Chang'an Ford Mazda Automobile Co. Ltd. Executive Vice President Luo Minggang (left) and President Marin Burela unveil the new Ford Mondeo model at the Shanghai auto show this week. Ford's sales in China were up 30 percent last year.
Li Ning, a 32-year-old from Shanghai, bought a Focus a couple of years back and loves it.
"The biggest impression is it's easy to drive," said Li, as he strolled around Shanghai's sprawling auto show this week. "I like the cars that look muscular and that have some sense of American style."
Wearing glasses, a gray hoodie and jeans, Li scoured Ford's exhibit of 23 models, snapping pictures along the way. Li now has a 19-month-old child, and he's looking to trade up to an SUV.
"When it comes to car safety, I have more confidence in Ford than other brands," he said.
Stylish Image Boosts Sales
In China's hypercompetitive market — where there is little brand loyalty — developing new customers and keeping old ones like Li is critical. To that end, Ford plans to launch 10 new vehicles in China and open five new factories here by 2015.
"I think they're doing very well," says Yang Jian, managing editor of Automotive News China, a newsletter that is part of the Detroit-based Automotive News. "The volumes are growing so fast, and I think the brand perception is getting better."
After a slow start in China, Yang says, Ford is now developing an image as a trendy, stylish car for young people like Li.
Despite Ford's recent gains, though, the company still has a long way to go.
Ford is No. 12 in auto sales in China, with about 3 percent of the market, according to LMC Automotive, a U.K.-based market forecasting firm.
Ford not only trails four Chinese brands, but is also way behind GM, which is No. 2 with 10 percent of the market, and Volkswagen, which leads the pack with a share of nearly 20 percent.
To help boost market share here, Ford relies on people like Trevor Worthington, who serves as the company's car and SUV line director for Asia-Pacific. Worthington helps Ford mold and shape its global vehicles to meet Chinese tastes.
For instance, Worthington says Chinese customers want a car that looks and feels more impressive, especially the rear seat, which he says is more important in China than it is in the U.S. or Europe. Worthington steps into the back of a Ford Kuga, a small SUV, and explains.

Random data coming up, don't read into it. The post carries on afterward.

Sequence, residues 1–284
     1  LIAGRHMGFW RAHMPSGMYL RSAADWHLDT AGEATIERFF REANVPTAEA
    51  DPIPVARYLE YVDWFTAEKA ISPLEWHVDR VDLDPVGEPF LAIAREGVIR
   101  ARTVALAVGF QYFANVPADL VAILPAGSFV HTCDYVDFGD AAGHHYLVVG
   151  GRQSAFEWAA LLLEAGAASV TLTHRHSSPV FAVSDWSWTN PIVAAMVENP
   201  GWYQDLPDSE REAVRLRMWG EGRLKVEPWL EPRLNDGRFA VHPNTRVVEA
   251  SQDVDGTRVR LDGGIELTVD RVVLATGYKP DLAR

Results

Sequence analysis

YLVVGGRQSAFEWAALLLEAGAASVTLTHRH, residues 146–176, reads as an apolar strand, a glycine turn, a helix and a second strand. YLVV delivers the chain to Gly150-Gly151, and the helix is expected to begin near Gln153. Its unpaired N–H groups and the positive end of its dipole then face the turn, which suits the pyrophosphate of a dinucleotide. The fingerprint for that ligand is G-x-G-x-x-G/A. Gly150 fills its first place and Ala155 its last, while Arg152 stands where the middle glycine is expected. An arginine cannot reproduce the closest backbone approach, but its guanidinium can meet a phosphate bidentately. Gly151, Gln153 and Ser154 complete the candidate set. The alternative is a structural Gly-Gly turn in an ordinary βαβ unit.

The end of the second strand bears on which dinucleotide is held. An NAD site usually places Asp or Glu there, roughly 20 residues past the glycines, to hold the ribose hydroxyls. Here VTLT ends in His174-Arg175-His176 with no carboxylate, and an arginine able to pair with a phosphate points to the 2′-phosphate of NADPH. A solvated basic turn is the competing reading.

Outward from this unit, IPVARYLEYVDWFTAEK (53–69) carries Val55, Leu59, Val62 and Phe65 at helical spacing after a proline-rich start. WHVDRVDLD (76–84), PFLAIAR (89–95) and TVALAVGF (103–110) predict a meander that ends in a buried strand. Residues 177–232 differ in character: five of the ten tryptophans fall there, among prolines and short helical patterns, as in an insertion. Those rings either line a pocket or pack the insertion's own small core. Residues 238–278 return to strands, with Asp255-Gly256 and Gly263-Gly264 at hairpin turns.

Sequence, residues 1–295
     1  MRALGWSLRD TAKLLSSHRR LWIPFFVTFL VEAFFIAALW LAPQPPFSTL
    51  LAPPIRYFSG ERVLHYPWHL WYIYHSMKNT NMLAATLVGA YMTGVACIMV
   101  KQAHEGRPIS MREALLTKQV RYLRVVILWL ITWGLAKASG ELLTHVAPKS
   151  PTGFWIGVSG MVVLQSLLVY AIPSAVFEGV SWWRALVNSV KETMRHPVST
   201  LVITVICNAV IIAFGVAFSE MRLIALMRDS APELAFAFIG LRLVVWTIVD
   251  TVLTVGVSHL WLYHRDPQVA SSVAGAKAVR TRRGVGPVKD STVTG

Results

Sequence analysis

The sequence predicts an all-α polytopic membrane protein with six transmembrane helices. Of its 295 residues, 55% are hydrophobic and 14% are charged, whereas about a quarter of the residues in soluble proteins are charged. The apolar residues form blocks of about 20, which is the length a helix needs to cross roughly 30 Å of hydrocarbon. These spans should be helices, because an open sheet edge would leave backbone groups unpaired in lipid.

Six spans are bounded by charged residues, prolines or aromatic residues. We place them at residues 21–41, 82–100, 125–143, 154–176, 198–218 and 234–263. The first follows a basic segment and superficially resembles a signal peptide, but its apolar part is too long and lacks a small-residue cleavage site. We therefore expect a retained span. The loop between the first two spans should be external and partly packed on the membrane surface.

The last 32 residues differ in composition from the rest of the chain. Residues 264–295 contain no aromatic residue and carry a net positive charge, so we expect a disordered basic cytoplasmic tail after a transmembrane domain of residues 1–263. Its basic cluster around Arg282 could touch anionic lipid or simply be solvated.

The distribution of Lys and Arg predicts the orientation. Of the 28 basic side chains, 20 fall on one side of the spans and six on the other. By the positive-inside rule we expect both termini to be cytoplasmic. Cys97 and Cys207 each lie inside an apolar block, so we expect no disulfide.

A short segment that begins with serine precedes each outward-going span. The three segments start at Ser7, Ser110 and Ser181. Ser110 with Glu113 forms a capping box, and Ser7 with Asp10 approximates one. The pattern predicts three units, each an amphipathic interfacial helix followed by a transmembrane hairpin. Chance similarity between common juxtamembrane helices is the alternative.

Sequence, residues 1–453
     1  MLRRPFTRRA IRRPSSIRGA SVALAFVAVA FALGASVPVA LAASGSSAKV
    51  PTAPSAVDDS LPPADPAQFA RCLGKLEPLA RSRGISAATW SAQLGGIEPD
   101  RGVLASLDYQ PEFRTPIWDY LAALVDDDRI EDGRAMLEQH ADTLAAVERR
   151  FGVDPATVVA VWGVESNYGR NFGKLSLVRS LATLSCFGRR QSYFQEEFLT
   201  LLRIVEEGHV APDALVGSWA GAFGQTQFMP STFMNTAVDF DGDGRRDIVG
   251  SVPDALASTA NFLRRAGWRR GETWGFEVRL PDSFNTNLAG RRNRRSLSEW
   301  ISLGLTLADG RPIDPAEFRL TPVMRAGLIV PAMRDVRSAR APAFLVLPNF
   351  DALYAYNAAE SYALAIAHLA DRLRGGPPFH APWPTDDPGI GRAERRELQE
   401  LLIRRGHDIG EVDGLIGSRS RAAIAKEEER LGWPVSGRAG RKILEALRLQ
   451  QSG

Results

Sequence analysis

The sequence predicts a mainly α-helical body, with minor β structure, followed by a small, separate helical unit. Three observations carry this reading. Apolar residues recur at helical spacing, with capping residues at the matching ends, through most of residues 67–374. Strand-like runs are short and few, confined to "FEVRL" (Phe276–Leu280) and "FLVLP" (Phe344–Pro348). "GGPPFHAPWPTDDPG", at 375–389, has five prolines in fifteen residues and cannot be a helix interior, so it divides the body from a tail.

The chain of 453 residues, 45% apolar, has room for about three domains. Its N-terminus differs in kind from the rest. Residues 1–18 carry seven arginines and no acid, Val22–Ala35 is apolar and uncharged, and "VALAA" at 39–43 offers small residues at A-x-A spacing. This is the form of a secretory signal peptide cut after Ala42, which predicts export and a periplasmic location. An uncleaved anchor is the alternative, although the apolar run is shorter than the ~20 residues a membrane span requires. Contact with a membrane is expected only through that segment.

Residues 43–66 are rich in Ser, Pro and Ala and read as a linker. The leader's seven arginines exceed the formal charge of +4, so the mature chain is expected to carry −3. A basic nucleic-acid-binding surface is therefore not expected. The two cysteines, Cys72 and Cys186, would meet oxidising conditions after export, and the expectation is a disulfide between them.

"During the week, this vehicle is used for business," says Worthington, who is from Australia. "If an owner decides to take a client for a business dinner or a meeting, how that customer feels in the back of the car is a reflection of the person who is driving that car. It is all about making sure they feel special and they feel important."
Among the adaptations for the Chinese market are higher-grade leather and stitching. The back seat itself is about an inch and a half shorter than one in a comparable U.S. model.
A Matter Of 'Daqi'
Worthington points out the cosmetic touches on the car's exterior, including chrome handles and sleek, brighter head lamps. These are details he says consumers associate with the Chinese word daqi.
"It's about grand. It's about presence. It's about being important," Worthington says, defining daqi in the context of a car. "When we go to market research and you stand Chinese people in front of a car, they will always comment on whether a car is daqi or whether it isn't daqi."
Zhu Bing, 24, works in sales for General Electric and is browsing the Ford exhibit at the Shanghai auto show with hundreds of other potential customers.
Zhu is eying the Kuga, which has the same architecture underneath as the Ford Escape and sells in China at a starting price of more than $31,000. Some of those carefully chosen details Worthington highlighted are resonating.
"It's pretty daqi," says Zhu. "For example, the design of the front suits us young people. I'm attracted to the logo, and the head lamps are pretty cool."
Zhu drives his parents' Volkswagen, but thinks that brand is really for people over 30. He plans to buy a Kuga in the fall.